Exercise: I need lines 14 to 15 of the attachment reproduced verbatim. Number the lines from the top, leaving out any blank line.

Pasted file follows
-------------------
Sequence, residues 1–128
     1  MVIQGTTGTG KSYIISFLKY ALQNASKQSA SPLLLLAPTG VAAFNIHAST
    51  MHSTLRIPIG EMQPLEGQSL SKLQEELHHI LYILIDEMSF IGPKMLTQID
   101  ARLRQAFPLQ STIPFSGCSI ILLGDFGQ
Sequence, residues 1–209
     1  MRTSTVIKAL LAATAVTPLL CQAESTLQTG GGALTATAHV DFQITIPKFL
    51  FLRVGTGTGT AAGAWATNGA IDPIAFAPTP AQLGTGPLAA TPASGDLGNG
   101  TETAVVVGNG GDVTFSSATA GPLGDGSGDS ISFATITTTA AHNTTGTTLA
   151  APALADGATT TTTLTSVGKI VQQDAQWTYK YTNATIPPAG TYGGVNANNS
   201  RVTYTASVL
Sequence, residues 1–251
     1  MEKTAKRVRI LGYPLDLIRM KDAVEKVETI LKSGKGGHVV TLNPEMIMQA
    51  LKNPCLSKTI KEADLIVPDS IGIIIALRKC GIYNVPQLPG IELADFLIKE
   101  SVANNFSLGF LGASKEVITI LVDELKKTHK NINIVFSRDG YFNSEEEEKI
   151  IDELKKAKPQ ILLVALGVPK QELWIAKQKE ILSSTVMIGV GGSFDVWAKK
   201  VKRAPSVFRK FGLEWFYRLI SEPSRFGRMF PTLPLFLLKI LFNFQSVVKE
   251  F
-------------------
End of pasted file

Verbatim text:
   101  SVANNFSLGF LGASKEVITI LVDELKKTHK NINIVFSRDG YFNSEEEEKI
   151  IDELKKAKPQ ILLVALGVPK QELWIAKQKE ILSSTVMIGV GGSFDVWAKK